there aren`t official data, official statistics on who and why people are

HAYES: Wesley, having covered this, did those numbers surprise you
the disparity between the sort of overall racial breakdown of people who
were shot by police and those shot who were unarmed?

LOWERY: They didn`t quite surprise me, although it certainly stuck
out to me. It`s one of the -- you certainly want a top line numbers here
and it seems to underscore and validate some of the concerns.

But as John, said without the official data, I mean, we`re trying to
do the best we can doing through traditional reporting means, through
relying on other reports, but what we know is that we`re missing some
cases. We know that. And without the official data, it`s hard to even do
these comparisons.

And a secondary in terms of speaking to the racial disparities, one
thing we also looked at was how these encounters were initiated and also
what happened -- what immediately precipitated the shooting. And another
thing we noticed is in the -- if you were to compare the white armed
universe to the black armed universe, in more cases, a higher percentage of
the cases, a white armed suspect is the shooting at the officers, engaging
the officer while a black or Hispanic is in fact more likely to be running
away even if they have a gun or knife.

Those types of analyses are impossible to do at the highest level
unless we have real official data we can really rely on.

HAYES: You know what also stuck out to me in both these analyses is
you know the vast majority of people are armed, right, in these cases, and
it is a reminder, right, that police in America encounter lots of people
with guns. All the time. I mean, that`s the -- you know, we are obviously
focusing on the people unarmed for very obvious reasons and I think
legitimate -- completely legitimate reasons, but it is a reminder about the
percentage -- just the amount, the prevalence of guns in
America and how often police officers counter them.

SWAIN: I think that`s right. If you look at our database, if you
look through the stories of the people that died, some of them are pretty
bad guys. You know, there are armed people, there are massive drug
operations going on that police encounter where they are shot at, as Wes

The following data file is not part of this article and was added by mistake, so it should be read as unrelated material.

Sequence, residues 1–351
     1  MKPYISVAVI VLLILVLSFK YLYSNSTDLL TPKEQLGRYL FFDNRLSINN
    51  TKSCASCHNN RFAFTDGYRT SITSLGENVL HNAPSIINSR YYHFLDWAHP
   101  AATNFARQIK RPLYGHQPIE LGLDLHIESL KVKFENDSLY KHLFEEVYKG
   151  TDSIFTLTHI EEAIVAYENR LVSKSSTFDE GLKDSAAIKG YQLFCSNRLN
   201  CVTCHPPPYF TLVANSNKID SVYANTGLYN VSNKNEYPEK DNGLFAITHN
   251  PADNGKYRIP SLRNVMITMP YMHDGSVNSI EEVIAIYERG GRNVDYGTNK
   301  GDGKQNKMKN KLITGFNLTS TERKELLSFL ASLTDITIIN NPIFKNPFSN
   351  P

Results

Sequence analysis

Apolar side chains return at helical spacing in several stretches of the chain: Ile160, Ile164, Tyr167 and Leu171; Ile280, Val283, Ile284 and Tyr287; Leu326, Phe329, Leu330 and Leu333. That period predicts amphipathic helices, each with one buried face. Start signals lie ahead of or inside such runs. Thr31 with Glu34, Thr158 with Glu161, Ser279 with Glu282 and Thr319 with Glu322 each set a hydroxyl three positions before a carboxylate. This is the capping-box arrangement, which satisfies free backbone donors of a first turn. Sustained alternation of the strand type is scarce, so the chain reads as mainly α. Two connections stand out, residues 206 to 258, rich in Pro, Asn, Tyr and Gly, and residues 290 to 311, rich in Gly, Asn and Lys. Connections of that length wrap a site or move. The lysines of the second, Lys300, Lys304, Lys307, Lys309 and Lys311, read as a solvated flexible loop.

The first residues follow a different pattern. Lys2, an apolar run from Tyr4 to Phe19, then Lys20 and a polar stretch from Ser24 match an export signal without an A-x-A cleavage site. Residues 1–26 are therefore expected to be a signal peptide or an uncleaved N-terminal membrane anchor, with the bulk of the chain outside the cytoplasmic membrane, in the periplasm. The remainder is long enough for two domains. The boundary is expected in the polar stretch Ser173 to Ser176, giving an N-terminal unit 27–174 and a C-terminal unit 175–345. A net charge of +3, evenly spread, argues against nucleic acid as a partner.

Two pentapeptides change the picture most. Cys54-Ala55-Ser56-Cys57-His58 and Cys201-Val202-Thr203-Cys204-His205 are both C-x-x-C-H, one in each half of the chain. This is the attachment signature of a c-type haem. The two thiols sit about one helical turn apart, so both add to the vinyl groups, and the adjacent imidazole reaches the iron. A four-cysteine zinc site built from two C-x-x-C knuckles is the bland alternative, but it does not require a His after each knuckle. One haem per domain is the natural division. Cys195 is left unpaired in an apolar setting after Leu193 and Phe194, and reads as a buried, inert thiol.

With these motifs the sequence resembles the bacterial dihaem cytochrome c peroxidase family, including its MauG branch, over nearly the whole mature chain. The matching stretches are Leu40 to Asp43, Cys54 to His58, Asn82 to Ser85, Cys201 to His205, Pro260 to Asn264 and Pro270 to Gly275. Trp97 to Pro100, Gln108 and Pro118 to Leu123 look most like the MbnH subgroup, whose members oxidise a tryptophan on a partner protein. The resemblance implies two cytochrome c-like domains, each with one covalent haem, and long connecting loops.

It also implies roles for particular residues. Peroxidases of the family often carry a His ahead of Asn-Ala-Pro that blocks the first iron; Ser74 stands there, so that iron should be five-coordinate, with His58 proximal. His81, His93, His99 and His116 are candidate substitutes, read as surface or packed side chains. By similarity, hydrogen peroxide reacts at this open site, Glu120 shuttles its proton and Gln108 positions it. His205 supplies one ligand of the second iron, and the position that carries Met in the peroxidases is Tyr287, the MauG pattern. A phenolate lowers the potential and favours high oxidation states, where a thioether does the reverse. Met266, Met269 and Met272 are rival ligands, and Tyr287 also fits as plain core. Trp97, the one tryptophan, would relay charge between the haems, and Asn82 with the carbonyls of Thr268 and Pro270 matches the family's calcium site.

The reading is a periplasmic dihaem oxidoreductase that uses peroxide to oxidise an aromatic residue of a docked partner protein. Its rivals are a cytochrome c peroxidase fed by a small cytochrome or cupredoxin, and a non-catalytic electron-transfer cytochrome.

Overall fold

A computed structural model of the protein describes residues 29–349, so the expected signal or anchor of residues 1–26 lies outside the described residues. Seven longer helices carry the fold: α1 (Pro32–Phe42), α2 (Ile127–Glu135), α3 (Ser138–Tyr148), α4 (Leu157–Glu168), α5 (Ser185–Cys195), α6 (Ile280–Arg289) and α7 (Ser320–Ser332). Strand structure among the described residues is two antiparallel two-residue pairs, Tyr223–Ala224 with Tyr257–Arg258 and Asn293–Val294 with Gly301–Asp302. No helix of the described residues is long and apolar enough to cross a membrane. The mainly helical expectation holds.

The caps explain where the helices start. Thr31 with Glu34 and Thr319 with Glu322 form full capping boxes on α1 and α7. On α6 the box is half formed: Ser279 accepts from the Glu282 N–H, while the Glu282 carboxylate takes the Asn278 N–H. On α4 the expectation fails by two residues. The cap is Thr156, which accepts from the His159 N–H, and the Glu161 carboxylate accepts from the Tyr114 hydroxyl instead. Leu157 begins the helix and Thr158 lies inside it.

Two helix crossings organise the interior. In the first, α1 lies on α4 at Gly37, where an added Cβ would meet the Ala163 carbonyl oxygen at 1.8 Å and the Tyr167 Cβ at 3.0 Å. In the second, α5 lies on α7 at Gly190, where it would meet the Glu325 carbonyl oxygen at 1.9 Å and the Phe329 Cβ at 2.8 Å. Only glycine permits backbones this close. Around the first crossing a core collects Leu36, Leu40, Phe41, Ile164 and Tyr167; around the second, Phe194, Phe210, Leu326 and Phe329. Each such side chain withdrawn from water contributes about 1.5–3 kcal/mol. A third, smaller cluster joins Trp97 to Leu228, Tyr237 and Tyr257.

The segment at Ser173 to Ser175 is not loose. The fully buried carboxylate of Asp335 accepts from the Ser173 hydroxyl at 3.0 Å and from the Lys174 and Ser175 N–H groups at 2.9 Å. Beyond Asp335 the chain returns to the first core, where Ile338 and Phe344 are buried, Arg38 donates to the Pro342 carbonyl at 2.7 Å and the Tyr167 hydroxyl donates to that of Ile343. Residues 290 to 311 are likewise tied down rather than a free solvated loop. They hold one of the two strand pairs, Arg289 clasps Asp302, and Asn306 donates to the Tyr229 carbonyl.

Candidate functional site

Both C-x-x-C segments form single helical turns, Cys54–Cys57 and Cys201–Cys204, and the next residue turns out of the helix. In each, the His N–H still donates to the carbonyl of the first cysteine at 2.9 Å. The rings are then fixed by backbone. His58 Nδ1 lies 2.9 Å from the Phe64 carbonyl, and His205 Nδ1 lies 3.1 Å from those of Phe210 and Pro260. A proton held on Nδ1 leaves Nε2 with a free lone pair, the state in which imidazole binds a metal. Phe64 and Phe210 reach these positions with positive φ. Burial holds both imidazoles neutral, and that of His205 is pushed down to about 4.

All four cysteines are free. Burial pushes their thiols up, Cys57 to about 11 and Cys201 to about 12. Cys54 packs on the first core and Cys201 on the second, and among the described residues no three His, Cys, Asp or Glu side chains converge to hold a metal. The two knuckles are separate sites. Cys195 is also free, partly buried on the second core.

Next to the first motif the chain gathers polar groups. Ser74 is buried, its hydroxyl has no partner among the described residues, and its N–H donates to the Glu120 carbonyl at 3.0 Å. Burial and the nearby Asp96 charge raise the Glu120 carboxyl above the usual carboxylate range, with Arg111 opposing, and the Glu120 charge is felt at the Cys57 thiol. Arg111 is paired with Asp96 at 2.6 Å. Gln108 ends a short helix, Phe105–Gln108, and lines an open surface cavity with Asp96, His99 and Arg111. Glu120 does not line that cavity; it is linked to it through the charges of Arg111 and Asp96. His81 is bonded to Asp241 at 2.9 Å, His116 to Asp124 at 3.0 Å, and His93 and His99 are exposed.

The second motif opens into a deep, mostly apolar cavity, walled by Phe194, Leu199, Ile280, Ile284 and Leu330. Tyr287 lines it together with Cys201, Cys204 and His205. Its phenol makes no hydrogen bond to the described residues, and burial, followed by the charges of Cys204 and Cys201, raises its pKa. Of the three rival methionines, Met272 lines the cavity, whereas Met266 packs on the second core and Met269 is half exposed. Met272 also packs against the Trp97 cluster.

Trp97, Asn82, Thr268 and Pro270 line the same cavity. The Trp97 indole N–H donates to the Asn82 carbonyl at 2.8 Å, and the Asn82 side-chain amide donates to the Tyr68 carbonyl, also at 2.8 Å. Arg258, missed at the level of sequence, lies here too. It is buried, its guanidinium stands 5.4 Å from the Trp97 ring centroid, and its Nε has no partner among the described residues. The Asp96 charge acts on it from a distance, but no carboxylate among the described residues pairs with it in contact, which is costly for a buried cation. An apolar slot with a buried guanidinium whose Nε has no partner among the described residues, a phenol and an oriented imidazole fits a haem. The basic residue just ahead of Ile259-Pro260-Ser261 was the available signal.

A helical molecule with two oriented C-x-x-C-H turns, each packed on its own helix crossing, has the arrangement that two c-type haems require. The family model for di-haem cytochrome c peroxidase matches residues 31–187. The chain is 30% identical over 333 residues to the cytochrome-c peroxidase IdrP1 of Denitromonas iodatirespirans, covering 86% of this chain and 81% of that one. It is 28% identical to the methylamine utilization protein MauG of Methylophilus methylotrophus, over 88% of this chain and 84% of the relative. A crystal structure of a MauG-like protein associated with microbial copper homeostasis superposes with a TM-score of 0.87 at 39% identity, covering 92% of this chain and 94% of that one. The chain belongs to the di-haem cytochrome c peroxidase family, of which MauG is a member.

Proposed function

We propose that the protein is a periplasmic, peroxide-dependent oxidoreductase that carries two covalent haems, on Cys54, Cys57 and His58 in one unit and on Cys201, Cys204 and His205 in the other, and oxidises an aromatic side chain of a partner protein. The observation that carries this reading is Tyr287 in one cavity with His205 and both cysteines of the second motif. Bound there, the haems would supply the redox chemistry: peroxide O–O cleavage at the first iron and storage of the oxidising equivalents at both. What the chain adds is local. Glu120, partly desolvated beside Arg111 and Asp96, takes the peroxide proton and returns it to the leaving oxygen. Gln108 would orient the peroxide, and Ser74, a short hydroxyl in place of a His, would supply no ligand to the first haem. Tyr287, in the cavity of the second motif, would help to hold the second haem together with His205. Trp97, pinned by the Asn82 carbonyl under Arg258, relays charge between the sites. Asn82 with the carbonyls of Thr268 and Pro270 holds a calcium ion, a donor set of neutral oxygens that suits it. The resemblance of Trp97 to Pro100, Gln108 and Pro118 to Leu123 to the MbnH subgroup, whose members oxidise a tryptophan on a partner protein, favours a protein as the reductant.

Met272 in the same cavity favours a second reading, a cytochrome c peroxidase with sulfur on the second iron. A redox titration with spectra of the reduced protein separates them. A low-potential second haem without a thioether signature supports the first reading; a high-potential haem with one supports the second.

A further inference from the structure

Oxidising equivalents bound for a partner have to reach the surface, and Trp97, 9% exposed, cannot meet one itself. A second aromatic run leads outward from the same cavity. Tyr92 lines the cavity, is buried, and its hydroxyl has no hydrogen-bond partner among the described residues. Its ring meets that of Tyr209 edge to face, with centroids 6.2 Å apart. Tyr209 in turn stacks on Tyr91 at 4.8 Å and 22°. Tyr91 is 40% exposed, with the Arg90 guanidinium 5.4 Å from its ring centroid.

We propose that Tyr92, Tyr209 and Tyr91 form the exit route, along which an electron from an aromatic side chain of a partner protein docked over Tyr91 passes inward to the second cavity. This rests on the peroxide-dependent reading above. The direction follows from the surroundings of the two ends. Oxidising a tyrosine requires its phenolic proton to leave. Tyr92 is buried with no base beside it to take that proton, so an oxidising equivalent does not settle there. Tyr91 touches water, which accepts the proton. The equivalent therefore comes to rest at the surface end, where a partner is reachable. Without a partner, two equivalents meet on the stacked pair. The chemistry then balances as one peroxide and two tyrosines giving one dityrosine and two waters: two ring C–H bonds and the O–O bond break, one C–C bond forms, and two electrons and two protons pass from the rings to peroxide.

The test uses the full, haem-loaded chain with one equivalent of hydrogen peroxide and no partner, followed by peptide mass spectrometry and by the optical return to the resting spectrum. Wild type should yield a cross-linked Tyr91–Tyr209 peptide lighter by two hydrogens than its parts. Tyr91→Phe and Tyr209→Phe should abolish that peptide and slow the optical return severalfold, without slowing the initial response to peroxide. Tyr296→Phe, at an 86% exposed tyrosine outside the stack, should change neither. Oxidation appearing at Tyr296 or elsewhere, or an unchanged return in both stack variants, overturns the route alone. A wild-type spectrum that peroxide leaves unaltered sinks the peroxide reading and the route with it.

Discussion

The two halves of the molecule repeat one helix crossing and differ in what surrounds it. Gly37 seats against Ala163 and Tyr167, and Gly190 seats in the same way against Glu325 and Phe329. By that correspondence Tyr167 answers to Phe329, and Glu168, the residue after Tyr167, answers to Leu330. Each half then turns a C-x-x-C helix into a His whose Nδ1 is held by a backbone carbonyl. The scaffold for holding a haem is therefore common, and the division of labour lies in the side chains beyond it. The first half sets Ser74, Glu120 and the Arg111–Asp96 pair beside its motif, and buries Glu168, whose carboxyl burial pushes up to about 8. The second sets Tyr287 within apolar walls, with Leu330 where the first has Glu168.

says, where they are facing these dangerous situations, where they -- if
they are going to be armed, then they`re going to fire back.

And I think there is a lot in these databases for the law enforcement
community to like. You know, why wouldn`t they want the general public to
know that the vast majority of people who are killed in encounters are
armed themselves.

You know, for obvious reasons the cases that catch the eye, the cases
that catch the attention of the media, are cases where people were unarmed,
are controversial cases where perhaps the law enforcement officer was not

You know, these sorts of data could tell the police side of the story
as well. And you know...

HAYES: Right. Well, we want to just know, right? We want to know
what the actual facts are, whatever political prism they get run through.

Wes, the other thing that jumped out at me -- one thing for your
finding was
24 percent of victims identified as mentally ill. And I`ve got to say,
this is something that keeps cropping up in cases of people both armed and
unarmed where you have someone who is very clearly mentally ill and it`s
just absolutely heartbreaking, whether -- independent of whether it`s
justified in the moment or not it just feels like we`re failing these

LOWERY: Of course. And then that`s, in fact, something that many
police chiefs have pointed out to me over the course of months as I`ve
talked with them and worked with them. The idea how they are -- the types
of people they`re having
to deal with, the social ills, whether it be drugs, whether it be mental
illness, in fact, according to our findings so far this year police in the
United States have killed more suicidal people than they have homicide
suspects, and it tells you, it talks about the types of police officers are
interacting with and it may be how the training could change, or
potentially what types of preparedness they need before they enter these

HAYES: Leslie Lowery, Jon Swain, great thanks.

That is All In for this evening. The Rachel Maddow shows starts now.
Good evening, Rachel.